“WORTHY SIR, AND MY CHRISTIAN FRIEND,
“I received yours a few days since. It was welcome to me because signed by you, whom I love and honour in the Lord: but more ‘so’ to see some of the same grounds or our Actings stirring in you that are in us, to quiet us to our work, and support us therein. Which hath had the greatest difficulty in our engagement in Scotland; by reason we have had to do with some who were, I verily think, Godly, but, through, weakness and the subtlety of Satan, ‘were’ involved in Interests against the Lord and His People.“With what tenderness we have proceeded with such, and that in sincerity, our Papers (which I suppose you have seen) will in part manifest; and I give you some comfortable assurance of ‘the same.’ The Lord hath marvellously appeared even against them. And now again when all the power was devolved into the Scottish King and the Malignant Party,— they invading England, the Lord rained upon them such snares as the Enclosed will show. Only the Narrative in short is this, That of their whole Army, when the Narrative was framed, not five men were returned.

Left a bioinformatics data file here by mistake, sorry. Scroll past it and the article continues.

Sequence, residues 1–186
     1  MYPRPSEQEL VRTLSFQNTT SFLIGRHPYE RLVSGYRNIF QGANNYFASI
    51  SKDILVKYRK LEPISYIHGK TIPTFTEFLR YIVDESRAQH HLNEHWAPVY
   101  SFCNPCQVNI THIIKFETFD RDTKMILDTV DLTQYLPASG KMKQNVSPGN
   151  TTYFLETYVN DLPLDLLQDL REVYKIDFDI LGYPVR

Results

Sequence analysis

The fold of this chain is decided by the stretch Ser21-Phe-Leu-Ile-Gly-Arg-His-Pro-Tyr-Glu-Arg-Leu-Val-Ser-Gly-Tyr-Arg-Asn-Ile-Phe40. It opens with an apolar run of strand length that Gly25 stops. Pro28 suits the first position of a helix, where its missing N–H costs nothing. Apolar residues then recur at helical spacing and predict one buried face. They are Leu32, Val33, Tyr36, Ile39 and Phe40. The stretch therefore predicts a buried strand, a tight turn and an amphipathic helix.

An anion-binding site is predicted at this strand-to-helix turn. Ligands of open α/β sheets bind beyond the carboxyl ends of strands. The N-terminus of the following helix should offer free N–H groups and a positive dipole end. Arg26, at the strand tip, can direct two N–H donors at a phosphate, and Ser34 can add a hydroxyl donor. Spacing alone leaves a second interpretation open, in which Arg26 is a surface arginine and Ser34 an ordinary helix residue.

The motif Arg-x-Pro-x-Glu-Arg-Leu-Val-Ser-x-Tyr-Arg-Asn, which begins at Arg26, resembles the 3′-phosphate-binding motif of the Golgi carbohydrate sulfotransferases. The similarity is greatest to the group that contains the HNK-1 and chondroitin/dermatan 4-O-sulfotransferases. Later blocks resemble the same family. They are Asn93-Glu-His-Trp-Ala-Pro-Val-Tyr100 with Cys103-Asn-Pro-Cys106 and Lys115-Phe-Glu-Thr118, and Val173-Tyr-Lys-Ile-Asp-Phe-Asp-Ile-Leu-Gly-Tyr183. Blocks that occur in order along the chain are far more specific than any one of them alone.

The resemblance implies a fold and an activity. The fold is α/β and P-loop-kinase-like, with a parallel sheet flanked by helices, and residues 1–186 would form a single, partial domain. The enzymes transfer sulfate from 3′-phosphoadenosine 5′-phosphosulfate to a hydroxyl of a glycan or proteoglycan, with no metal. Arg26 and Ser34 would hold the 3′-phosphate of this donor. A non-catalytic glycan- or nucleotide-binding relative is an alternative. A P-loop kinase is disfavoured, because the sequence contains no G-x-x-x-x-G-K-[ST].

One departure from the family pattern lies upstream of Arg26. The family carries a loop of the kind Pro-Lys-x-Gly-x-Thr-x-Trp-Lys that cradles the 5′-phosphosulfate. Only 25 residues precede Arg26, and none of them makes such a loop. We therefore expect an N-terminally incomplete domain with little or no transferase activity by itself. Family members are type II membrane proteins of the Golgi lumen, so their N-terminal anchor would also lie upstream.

“Surely, Sir, the Lord is greatly to be feared and to be praised! We need your prayers in this as much as ever. How shall we behave ourselves after such mercies? What is the Lord a-doing? What Prophecies are now fulfilling? Who is a God like ours? To know His will, to do His will, are both of Him.
“I took this liberty from business, to salute you thus in a word. Truly I am ready to serve you and the rest of our Brethren and the Churches with you. I am a poor weak creature, and not worthy the name of a worm; yet accepted to serve the Lord and His People. Indeed, my dear Friend, between you and me, you know not me,—my weaknesses, my inordinate passions, my unskillfulness, and everyway unfitness to my work. Yet, yet the Lord, who will have mercy on whom He will, does as you see! Pray for me. Salute all Christian friends though unknown. I rest, your affectionate friend to serve you,
Thomas Carlyle, Oliver Cromwell’s Letters and Speeches: With Elucidations, (London: Chapman & Hall, Ltd., 1889), Vol. III of V, pp. 172-173.